In this way, Pratt writes, what is good or bad, generous or stingy, honorable and upright or disgraceful and scandalous, trustworthy and substantial or apprehensive and cowardly— “the continuous antithesis in the entire list of human qualities and characteristics”—could be accurately read by an “expert observer” in the “pelvic organs.” Vagina and penis phrenology was real, once, and from it, one could divine everything there was to know about a patient.
The majority of medical practitioners pooh-poohed Pratt and his movement entirely. Across the Atlantic, the British Medical Journal wrote teasingly in 1893 about how orificial surgeons had, like certain philosophers “who strive to solve the riddle of the universe by a persevering contemplation of their own navels,” concluded that the rectum was the source of all humanity. “It is therefore with a feeling of satisfied prophetic instinct,” they wrote, “that we learn that this retiring region has at last had surgical greatness thrust upon it.” They were still writing about it in 1923, this time with less humor, and calling it “the latest development among the quack cults of America [which] has already attained a notoriety there.” An 1899 Atlanta Journal-Record of Medicine’s editorial was still more scathing. The most valuable thing a “surgeon” might be able to glean from a reading of the vagina, they wrote, was an appraisal of “the patient’s ability to pay.”
There don’t seem to be detailed accounts of how much people forked out for their orificial surgeries, but Pratt was flush. He held classes at $700 a pop (in today’s money) for aspiring orificial surgeons, and designed and sold his own line of surgical instruments. By 1891, as his personal fortune ballooned, he built his own private hospital, the Lincoln Park Sanatorium. The following year, he became editor-in-chief of the Journal of Orificial Surgery. “With continued success,” Rutkow writes, “Pratt’s confidence in his theories increased and he began to see himself as a prophet.”
Pratt grew famous and influential, and his position at Cook County Hospital lent his movement legitimacy—at the time, even many hospitals made little distinction between traditional medical graduates and those from homeopathic institutions such as Hahnemann. In 1893, at the Columbia World’s Fair, Pratt explained how his patients had lost faith in traditional medicine, and were eventually cured by the many wonders of orificial surgery. In his writings, he called for traditional doctors to join him—”to snap the bands of prejudice that have bound him, break loose from the thraldom of tradition, dispel his fear of so-called authority, cultivate his reason and observation, and stimulate his self-reliance.” Only by doing so, he wrote, would they be able to truly treat the sick.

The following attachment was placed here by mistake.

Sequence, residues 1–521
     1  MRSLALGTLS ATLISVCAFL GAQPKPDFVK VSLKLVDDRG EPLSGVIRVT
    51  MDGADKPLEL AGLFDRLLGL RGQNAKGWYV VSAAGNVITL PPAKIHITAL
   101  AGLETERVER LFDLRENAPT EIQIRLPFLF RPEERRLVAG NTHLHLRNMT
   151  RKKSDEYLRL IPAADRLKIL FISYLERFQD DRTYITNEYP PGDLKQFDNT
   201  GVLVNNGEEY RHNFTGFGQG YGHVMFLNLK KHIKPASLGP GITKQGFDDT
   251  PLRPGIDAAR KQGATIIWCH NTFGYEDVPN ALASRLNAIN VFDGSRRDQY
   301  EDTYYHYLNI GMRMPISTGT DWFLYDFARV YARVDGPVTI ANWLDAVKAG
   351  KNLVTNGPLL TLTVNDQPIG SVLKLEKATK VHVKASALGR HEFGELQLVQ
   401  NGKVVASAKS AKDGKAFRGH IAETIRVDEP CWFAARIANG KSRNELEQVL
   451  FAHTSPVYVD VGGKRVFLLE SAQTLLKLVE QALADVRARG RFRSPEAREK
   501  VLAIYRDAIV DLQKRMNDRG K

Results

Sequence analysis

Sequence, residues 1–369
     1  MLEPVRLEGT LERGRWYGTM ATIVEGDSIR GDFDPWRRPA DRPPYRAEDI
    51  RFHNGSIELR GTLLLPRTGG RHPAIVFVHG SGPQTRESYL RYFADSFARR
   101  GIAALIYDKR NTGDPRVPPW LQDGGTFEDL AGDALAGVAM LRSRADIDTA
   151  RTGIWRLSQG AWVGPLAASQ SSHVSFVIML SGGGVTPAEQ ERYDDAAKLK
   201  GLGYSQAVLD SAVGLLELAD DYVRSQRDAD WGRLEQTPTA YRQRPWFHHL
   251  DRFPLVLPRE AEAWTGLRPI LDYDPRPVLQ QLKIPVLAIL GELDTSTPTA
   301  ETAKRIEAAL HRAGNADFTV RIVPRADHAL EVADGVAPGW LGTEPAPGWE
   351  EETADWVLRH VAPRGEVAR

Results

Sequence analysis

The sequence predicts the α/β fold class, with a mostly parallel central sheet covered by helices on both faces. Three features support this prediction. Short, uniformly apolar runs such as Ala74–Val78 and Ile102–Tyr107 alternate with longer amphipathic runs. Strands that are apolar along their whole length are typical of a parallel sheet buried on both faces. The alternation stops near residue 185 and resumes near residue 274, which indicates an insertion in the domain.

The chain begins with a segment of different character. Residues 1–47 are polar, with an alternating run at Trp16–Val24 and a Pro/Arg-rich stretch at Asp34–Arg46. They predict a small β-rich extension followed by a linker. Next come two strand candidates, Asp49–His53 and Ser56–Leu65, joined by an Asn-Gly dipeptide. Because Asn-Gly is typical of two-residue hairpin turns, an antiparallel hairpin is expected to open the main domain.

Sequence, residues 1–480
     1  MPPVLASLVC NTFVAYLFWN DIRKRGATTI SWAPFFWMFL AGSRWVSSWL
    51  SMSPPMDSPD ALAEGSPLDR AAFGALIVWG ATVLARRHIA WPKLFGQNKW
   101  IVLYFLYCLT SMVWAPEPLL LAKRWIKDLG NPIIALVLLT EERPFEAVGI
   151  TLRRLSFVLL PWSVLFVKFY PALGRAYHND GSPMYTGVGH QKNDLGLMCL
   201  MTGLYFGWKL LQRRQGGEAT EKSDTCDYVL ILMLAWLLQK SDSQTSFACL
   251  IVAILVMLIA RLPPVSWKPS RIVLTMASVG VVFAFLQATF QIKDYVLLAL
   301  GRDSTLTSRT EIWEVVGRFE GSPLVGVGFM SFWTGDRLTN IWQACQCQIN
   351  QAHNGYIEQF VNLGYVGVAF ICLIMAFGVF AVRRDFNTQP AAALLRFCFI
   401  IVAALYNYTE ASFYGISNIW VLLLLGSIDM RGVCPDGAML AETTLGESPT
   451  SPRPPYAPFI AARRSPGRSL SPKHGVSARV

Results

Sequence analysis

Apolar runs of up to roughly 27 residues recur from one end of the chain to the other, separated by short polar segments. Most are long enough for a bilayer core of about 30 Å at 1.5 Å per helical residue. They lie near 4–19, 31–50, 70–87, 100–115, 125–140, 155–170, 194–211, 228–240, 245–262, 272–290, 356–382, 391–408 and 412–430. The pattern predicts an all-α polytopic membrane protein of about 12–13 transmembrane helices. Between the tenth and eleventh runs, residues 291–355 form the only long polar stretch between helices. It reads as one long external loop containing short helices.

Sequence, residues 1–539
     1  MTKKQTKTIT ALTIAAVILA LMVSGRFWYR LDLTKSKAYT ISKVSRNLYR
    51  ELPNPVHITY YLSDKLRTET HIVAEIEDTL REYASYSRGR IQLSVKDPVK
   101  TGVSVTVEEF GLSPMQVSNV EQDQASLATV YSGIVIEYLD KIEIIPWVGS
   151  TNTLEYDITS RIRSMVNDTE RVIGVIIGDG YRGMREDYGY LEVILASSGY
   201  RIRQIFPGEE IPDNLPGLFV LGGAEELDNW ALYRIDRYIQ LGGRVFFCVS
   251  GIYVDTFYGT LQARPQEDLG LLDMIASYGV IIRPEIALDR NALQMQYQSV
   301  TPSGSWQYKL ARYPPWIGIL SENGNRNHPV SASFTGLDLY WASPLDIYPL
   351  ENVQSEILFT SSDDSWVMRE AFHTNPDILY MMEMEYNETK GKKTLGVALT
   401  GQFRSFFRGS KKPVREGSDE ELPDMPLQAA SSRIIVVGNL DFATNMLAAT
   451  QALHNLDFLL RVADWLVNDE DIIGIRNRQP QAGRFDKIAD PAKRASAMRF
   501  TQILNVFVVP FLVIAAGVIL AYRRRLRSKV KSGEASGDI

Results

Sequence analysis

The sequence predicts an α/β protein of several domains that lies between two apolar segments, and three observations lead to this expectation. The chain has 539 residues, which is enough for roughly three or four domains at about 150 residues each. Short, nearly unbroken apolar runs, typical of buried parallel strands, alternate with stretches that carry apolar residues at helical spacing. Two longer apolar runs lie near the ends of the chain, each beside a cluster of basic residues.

But as with many medicine-adjacent fads, the time of orificial surgery began to pass. Pratt’s miracle cures proved neither curative nor miraculous, and as homeopaths sought wider acceptance (membership in the American Medical Association began in 1902), they eagerly decried Pratt’s movement. Referrals to his hospital began to decline, along with the rolls of the American Association of Orificial Surgeons.
Pratt’s professional collapse was accompanied by personal tragedy. He lost his wife and both children (it is not known how), and soon after, in 1901, was forced to close his private sanatorium. The Journal folded soon after, and the Chicago Homeopathic Medical College, where he taught, closed its doors. Bankruptcy seemed inevitable. He died, after years of illness, in 1930, at the age of 80. For its final two decades, orificial surgery limped on without him, its support drying up as practitioners retired, closed up, or moved on to more orthodox practices.
The Muncie Surf Sanatorium, for its part, remained open until 1914. The Muncies removed “orificial surgery” from their list of offerings, and continued to practice in Brooklyn. Soon after the facility closed, the island was sold to developers who planned to fill it with summer bungalows. Instead, Muncie Island itself went the way of orificial surgery, vanishing nearly without trace. In 1933, the island was razed to create a shipping channel, disappearing from maps just as orificial surgery vanished from the medical horizon.